from Strength Through Peace

The Strategic Consequences of India’s COVID-19 Crisis

Indian army soldiers walk along a road near Zojila mountain pass that connects Srinagar to the union territory of Ladakh, bordering China, on February 28, 2021.
Indian army soldiers walk along a road near Zojila mountain pass that connects Srinagar to the union territory of Ladakh, bordering China, on February 28, 2021. Tauseef Mustafa/AFP/via Getty

April 28, 2021 12:00 pm (EST)

Indian army soldiers walk along a road near Zojila mountain pass that connects Srinagar to the union territory of Ladakh, bordering China, on February 28, 2021.
Indian army soldiers walk along a road near Zojila mountain pass that connects Srinagar to the union territory of Ladakh, bordering China, on February 28, 2021. Tauseef Mustafa/AFP/via Getty
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Daniel S. Markey is a senior research professor and academic director of Johns Hopkins School of Advanced International Studies' (SAIS) master of arts in global policy program.

Last week, as the magnitude of the second wave of India’s coronavirus surge became increasingly clear to the world, U.S. policymakers soon began to appreciate the strategic implications of India’s national trauma. Over the weekend, President Joe Biden and his top officials publicly pledged their commitments to send medical supplies, including oxygen, vaccine materials, and therapeutics to India, while seeking additional ways to address India’s crisis.

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COVID-19 already inflicted a crushing blow to India’s economy last year. A national lockdown instituted by Prime Minister Narendra Modi at the early stages of the global pandemic was intended to relieve the stresses on Indian’s inadequate healthcare system, but it also delivered a 24 percent contraction in the economy and led millions of migrant day laborers to flee India’s cities for lack of work. Through the late fall and winter, it seemed that somehow India would escape the worst of the pandemic, but that hope has now been dashed by a devastating combination of new viral strains and inadequate public health preparations. India now faces this wave of the virus exhausted and depleted.

The Biden administration clearly appreciates that the magnitude of India’s crisis turns it into a global crisis. With over 1.3 billion people, India alone counts for one-sixth of humanity. And India’s crisis will not be contained within its borders. New viral strains out of India could worsen the health threat to all. Other second-order economic consequences will follow; at the very least, India’s lost economic productivity will hurt global trade and investment.

Yet the geopolitical implications of India’s tragedy must also be keenly felt by the new Biden administration. After his election, the president’s top national security officials quickly established the aim of closer partnership with New Delhi as a cornerstone in the U.S. strategy for competition with Beijing. India’s role was highlighted by President Biden’s decision to host a virtual “leaders’ summit” of the Quad in March, and by U.S. Secretary of Defense Lloyd Austin’s three-day visit to India shortly thereafter.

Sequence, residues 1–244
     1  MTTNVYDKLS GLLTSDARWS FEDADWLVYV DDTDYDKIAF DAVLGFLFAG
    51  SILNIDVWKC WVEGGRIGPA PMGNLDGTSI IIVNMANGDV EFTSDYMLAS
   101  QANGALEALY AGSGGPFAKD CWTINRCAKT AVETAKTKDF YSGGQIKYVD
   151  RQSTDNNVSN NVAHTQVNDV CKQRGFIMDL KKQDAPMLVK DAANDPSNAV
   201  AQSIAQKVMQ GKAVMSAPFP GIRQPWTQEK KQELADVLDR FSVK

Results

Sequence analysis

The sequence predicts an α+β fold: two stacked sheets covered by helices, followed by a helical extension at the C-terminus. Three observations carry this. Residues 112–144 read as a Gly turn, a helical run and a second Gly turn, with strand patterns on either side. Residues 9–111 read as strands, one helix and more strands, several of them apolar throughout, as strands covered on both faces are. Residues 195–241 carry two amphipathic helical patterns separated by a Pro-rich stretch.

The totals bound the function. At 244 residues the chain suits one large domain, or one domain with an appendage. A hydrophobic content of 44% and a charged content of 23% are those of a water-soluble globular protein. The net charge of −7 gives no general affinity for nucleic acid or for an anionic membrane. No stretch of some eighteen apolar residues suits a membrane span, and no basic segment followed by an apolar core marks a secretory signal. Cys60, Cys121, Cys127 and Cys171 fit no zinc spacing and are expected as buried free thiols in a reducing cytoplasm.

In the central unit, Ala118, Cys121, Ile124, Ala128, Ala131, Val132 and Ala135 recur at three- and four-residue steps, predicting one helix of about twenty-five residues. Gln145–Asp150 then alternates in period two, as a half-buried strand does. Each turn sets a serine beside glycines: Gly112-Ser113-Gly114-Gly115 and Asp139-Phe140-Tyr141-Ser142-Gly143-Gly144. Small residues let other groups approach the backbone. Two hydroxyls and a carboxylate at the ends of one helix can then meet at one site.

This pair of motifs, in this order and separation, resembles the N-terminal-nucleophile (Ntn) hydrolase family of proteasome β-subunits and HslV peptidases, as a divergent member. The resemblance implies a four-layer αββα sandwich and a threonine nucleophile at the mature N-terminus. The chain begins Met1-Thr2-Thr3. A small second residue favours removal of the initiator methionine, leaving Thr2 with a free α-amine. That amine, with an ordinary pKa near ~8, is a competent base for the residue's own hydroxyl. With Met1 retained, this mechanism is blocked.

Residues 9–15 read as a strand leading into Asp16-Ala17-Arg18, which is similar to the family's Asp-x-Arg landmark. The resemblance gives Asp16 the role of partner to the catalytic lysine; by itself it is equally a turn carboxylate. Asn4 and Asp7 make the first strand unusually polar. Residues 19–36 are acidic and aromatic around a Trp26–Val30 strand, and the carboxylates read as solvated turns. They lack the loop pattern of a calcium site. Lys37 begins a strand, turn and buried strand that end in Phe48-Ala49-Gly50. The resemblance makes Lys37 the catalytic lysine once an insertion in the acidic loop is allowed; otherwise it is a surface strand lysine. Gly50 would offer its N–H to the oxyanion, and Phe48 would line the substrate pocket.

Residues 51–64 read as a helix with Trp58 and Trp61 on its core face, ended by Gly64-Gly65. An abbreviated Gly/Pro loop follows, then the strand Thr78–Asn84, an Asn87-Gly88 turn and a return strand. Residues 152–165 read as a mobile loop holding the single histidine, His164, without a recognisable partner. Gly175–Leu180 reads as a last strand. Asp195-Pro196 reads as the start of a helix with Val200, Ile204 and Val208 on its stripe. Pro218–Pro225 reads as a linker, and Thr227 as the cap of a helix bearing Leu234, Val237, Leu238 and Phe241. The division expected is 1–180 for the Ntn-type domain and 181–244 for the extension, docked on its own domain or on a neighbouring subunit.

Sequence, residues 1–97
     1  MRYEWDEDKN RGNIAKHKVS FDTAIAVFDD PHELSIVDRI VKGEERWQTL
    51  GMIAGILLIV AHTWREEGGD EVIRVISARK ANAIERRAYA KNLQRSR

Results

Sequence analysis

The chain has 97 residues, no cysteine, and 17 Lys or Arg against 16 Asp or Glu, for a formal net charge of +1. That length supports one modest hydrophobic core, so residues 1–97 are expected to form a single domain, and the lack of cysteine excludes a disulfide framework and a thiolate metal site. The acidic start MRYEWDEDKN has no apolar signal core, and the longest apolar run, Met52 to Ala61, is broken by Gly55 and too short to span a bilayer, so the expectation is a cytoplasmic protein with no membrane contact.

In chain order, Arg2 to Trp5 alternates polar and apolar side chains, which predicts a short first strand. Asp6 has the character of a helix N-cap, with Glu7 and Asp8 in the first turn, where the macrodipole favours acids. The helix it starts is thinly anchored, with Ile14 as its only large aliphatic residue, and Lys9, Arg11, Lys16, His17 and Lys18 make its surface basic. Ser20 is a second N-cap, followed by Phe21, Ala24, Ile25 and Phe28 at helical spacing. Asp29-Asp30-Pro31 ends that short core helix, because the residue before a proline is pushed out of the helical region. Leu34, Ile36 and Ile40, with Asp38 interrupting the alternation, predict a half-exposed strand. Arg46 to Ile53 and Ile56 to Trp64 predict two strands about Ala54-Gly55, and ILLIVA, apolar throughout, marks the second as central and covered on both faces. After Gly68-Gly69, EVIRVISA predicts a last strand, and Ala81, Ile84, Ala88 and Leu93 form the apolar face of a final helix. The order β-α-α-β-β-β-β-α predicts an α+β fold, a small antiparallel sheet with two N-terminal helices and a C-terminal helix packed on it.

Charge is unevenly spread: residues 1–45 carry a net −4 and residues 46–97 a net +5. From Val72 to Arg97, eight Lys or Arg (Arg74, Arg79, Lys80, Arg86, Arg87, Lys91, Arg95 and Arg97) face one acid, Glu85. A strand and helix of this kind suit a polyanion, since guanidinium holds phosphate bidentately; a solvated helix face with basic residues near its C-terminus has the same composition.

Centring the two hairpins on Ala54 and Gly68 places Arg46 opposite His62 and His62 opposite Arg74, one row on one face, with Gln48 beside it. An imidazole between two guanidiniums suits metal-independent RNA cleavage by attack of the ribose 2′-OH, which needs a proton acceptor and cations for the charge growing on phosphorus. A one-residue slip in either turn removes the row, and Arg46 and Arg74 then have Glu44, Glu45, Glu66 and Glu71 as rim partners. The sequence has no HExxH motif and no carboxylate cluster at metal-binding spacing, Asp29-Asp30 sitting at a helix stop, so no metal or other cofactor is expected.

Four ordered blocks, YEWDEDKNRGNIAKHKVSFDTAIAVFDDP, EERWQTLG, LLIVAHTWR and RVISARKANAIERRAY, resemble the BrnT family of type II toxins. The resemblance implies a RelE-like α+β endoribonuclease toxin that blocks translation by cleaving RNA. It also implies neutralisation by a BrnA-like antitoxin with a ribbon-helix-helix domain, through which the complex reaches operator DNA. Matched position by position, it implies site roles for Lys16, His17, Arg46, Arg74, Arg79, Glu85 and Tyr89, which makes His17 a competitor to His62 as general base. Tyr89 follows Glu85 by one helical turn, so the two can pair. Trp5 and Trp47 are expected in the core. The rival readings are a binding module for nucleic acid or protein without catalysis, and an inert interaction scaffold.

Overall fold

Having made a strategic bet on India as an important Asian counterweight to China, U.S. concerns about Indian health, economic growth, and political stability are not purely altruistic or humanitarian. As a number of prominent Indian foreign policy analysts observed in the days before the Biden administration announced its plans to assist India, the promise of U.S. partnership would be severely undermined from India's perspective if Washington were to fall short in such a time of need.

In the midst of immense suffering, it is tempting to assume that India’s situation could not get worse. However, the reality is that India was already facing an entirely different, daunting threat to its national security prior to this new viral wave: a year of heightened tensions and unusual levels of violence along its contested border with China. Many of the causes of deteriorating relations between India and China remain unaddressed. The two sides have taken some initial steps to disengage from their border conflict in the Himalayas in early 2021, but in recent weeks their bilateral military dialogues have stalled without progress. If Beijing were to seek a territorial advantage from India’s ongoing health emergency, the compounding of multiple crises would complicate New Delhi’s decision-making and would increase the potential for policy miscalculations and otherwise avoidable armed escalation.

More on:

Asia

China

India

Conflict Prevention

Coronavirus

The Biden administration should help India here too. As I argue in an update of an earlier CFR Contingency Planning Memorandum on the risk of armed conflict between China and India, the United States has a strong interest in preventing military escalation along their border. Through carefully calibrated defensive assistance to India, the United States can help it deter China without taking steps that make conflict more likely. Other diplomatic and economic measures can improve India’s defenses and resilience in the face of Chinese aggression, lessen regional tensions, and prepare U.S. policymakers in the event of another Himalayan standoff this year.

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